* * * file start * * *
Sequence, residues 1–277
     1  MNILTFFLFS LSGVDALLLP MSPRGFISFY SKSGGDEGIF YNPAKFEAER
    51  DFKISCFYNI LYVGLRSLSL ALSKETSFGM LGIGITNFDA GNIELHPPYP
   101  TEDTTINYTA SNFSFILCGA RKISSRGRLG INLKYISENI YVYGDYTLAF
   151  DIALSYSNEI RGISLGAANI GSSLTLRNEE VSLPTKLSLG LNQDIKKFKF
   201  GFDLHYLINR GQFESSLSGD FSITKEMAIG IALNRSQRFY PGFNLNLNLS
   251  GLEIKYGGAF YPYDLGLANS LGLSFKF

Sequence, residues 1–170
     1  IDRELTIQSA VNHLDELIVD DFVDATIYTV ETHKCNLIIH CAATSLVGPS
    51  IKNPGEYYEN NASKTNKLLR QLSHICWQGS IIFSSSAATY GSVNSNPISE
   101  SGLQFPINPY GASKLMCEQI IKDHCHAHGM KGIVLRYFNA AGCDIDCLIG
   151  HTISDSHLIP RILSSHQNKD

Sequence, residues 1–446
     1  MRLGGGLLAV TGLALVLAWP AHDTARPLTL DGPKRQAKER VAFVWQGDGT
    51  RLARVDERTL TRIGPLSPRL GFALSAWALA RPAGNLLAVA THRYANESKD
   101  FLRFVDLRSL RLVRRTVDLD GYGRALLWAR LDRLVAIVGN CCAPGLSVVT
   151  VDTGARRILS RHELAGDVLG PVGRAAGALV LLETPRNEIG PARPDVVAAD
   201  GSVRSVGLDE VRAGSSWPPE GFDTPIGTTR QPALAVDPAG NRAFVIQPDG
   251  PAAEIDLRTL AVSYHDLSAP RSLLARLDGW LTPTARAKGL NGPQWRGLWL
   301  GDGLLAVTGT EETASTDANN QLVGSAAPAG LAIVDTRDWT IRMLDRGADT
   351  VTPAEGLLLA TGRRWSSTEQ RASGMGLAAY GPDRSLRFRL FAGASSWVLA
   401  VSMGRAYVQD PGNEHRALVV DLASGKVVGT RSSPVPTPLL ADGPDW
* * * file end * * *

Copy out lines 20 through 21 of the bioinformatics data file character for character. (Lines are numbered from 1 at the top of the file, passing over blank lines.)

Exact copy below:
   301  GDGLLAVTGT EETASTDANN QLVGSAAPAG LAIVDTRDWT IRMLDRGADT
   351  VTPAEGLLLA TGRRWSSTEQ RASGMGLAAY GPDRSLRFRL FAGASSWVLA